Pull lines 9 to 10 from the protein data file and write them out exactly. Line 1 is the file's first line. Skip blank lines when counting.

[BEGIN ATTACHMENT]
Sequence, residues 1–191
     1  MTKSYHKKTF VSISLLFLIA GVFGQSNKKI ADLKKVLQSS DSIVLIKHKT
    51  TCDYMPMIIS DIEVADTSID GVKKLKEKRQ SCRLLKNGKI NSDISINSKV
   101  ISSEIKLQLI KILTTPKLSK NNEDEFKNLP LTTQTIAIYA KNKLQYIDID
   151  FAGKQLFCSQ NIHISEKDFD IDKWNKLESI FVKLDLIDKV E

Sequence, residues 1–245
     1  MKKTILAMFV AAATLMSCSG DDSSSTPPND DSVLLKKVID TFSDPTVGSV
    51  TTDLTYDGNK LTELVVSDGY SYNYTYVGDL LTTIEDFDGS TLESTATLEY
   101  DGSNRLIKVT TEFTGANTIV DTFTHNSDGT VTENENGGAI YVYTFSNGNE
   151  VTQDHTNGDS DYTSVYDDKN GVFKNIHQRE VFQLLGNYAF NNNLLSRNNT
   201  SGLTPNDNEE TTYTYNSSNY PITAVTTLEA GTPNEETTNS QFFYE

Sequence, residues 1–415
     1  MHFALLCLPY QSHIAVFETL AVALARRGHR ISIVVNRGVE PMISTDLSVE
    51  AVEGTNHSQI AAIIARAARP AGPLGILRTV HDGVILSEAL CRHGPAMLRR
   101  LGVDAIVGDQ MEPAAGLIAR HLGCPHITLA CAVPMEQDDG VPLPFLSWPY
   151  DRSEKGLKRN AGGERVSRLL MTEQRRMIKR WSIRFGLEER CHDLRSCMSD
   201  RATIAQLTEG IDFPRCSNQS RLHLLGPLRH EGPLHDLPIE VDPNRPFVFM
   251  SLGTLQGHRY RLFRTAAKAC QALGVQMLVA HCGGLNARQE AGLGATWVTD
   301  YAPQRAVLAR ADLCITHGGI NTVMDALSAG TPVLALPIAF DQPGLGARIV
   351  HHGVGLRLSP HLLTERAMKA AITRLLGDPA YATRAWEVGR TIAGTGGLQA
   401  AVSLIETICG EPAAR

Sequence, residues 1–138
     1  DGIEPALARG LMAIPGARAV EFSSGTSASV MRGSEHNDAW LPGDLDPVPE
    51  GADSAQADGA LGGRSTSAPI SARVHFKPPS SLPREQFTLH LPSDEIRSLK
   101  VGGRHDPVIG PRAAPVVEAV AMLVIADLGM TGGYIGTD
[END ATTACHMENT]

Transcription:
   101  DGSNRLIKVT TEFTGANTIV DTFTHNSDGT VTENENGGAI YVYTFSNGNE
   151  VTQDHTNGDS DYTSVYDDKN GVFKNIHQRE VFQLLGNYAF NNNLLSRNNT